Russian provocations and NATO presence could lead to conflict in Baltic Sea

During a recent visit to Lithuania, the Supreme Commander of the Swedish Armed Forces, Micael Byden, claimed Russian provocations and an increased NATO presence in the Baltic Sea could lead to “friction and confrontation.”

While Byden said that Sweden does not feel a direct military threat from Russia, he added that possible incidents between NATO and Russian forces had the potential to also affect his country.

“We don’t see a direct military threat towards Sweden,” Byden told BNS Lithuanian on February 26. “But living in the Baltic region where Russia is increasing its presence, where Russia is showing its willingness to use its military means to reach its political goals, and where we see NATO military assets arriving to the region – this means that the Baltic Sea region is now an area now where friction and confrontation may happen.

“So in that way, Sweden will be involved in one way or another and we are prepared to take that responsibility,” the Swedish general said.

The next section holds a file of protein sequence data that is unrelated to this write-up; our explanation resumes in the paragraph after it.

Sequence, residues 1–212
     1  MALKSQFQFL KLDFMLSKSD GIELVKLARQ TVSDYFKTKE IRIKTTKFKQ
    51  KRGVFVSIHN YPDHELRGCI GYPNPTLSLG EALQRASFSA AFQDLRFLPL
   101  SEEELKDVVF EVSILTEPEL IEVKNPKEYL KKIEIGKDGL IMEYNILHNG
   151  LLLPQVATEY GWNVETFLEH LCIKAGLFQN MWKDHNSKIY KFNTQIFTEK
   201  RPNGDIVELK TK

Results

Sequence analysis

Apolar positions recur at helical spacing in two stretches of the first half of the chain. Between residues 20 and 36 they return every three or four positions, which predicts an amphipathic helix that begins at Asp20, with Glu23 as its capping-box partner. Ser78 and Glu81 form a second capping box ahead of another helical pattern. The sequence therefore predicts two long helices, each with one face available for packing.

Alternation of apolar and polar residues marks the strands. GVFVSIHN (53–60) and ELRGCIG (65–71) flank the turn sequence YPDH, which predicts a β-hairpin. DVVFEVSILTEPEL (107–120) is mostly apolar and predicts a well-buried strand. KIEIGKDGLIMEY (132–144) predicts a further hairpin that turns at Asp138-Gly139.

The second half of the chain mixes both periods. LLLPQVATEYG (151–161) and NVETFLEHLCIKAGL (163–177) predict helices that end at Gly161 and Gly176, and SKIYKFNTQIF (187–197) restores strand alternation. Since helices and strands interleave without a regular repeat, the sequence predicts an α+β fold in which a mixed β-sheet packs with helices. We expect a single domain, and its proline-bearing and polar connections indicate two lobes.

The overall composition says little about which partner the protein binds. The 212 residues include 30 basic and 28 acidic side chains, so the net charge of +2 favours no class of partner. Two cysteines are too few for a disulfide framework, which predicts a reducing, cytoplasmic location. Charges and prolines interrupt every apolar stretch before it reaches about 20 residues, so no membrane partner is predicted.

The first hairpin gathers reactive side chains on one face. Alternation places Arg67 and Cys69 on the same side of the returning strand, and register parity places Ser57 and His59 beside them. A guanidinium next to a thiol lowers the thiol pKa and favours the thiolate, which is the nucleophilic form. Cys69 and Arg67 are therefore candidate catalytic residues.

According to Byden, a possible confrontation could be caused by Russian provocations, and he outlined an increasing number of Russian military planes flying over the Baltic Sea with their automatic transponders switched off as an example. He added they also sometimes get close to Swedish aircraft.

“I have hard time accepting that [behaviour] and I don’t understand why they are doing this,” Byden said.

NATO has stepped up its presence in the Baltic Sea region in recent years with members sending more naval ships to the regions. The Baltic Air Policing Mission has been bolstered since 2004.

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